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Volunteering at Scouts is changing to help us reach more young people

Volunteering is changing to help us reach more young people

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Naughty elephants spray water

Learn the points of the compass with this energetic game.

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Before you begin

  • Use the safety checklist to help you plan and risk assess your activity. Additional help to carry out your risk assessment, including examples can be found here. Don’t forget to make sure all young people and adults involved in the activity know how to take part safely.

Learn the points

  1. The person leading the game should ask if anyone knows what a ‘cardinal’ point is. These are the four main directions (or points) on a compass: North, East, South, West.
  2. Everyone should try and come with their own way of remembering the points. People often use sayings with four words that start with n, e, s, then w - the proper name for these sayings is ‘mnemonics’. You could say ‘never eat soggy wheat’, ‘naughty elephants spray water’, or ‘nobody enjoys stinging wasps’ - just make sure you remember to go the right way (clockwise) around the compass.

Play the game

  1. Explain to everyone that each side of the meeting place represents a compass point (north, east, south, and west).
  2. Everyone should stand in the middle. Call out a compass point, and everyone should run to the correct side of the space.
  3. Keep calling out compass points.
  4. Once everyone feels a bit more confident, the person leading the game should include some more actions, for example:
    • ‘broken compass!’ (everyone should spin on the spot),
    • ‘we’re lost!’ (everyone should pull a confused face),
    • ‘exploring!’ (everyone should walk with their hands cupped around their eyes like binoculars),
    • and ‘upside down map!’ (everyone should mix up and walk around the room).
  1. Keep playing until everyone is confident that they know their way around a compass.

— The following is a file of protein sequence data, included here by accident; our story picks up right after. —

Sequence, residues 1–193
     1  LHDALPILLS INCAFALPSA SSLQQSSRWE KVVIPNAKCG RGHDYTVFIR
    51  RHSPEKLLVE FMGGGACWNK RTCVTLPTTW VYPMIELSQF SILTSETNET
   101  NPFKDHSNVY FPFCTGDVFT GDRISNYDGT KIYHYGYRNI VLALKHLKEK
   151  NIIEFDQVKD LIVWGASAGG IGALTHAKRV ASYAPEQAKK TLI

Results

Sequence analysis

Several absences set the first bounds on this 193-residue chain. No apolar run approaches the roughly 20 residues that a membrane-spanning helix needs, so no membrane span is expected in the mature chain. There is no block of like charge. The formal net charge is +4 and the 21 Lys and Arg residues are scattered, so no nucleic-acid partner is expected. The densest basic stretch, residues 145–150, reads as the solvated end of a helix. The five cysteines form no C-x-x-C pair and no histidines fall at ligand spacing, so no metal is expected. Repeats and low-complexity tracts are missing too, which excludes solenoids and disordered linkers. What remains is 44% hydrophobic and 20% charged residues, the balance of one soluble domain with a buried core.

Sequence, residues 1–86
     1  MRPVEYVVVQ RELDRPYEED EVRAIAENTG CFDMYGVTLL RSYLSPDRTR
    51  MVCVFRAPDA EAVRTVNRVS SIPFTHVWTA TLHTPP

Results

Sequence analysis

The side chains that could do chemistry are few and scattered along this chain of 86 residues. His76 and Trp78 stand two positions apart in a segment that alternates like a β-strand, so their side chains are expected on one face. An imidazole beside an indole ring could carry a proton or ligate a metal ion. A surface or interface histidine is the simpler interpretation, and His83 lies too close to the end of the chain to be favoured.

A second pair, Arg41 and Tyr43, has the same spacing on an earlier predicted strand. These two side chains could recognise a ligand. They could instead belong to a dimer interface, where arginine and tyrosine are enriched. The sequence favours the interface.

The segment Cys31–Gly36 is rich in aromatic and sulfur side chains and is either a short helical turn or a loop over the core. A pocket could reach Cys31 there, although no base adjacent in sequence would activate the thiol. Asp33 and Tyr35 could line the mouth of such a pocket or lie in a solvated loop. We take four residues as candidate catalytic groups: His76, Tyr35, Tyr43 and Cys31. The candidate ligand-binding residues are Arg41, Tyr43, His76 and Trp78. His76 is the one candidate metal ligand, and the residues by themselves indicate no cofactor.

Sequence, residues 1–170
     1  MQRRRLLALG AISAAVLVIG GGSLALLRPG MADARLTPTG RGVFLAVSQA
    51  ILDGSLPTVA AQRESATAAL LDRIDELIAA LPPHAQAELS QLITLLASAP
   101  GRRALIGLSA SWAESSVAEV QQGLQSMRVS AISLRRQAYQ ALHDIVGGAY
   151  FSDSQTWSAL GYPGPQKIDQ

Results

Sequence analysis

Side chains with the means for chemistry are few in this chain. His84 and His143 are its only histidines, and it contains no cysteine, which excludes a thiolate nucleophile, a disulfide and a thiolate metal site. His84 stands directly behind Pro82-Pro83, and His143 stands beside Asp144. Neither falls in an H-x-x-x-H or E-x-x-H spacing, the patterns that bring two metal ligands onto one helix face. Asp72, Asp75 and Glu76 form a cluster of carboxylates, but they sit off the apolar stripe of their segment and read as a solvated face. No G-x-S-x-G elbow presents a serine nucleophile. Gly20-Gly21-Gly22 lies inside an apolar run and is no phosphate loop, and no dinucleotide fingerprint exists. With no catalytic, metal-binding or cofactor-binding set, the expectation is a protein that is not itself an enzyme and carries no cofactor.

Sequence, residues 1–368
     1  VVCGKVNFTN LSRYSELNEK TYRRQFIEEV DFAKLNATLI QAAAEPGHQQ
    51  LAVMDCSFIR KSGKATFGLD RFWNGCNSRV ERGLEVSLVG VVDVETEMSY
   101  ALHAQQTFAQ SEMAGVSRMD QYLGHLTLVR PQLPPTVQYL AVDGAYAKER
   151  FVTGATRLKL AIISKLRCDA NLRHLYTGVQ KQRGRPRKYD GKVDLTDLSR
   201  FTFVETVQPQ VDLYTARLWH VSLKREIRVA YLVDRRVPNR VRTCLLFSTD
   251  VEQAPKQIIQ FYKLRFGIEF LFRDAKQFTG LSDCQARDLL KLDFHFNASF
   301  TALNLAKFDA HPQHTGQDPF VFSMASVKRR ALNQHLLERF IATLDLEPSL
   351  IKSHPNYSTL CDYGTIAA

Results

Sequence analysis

This activity helped you to develop skills. Why is it useful to know the points of a compass? What does a compass do? When might you use a compass? What else do we use the directions for (for example, describing wind)? Almost every language has a word for north, south, east, and west – why do you think these directions are so important?

This activity was also a chance to be active. Did you enjoy being active in a game, or do you prefer another way to be active? Which skills did you use in this game – did you need to be fast, or agile if the directions changed fast? What about extra actions – did they need you to balance, or stretch, or use your body differently? Did you prefer the moving or the actions? Is your favourite way to be active like this game, or is it very different?


All activities must be safely managed. You must complete a thorough risk assessment and take appropriate steps to reduce risk. Use the safety checklist to help you plan and risk assess your activity. Always get approval for the activity, and have suitable supervision and an InTouch process.

Active games

The game area should be free of hazards. Explain the rules of the game clearly and have a clear way to communicate that the game must stop when needed. Take a look at our guidance on running active games safely.

  • You could label each side of the room with their compass direction, then remove the labels once people become more confident.
  • You can add as many extra actions as you like, and add them whenever you like, depending on how tricky everyone finds the game.
  • People could choose a direction by pointing their arms, legs, or head (instead of walking or running), if that works better for them.
  • Make sure any actions you add in work for everyone playing.

All Scout activities should be inclusive and accessible.

If you add (and explain) northeast, southeast, southwest, and northwest, this game would meet requirement six of stage two of the Navigator Staged Activity Badge.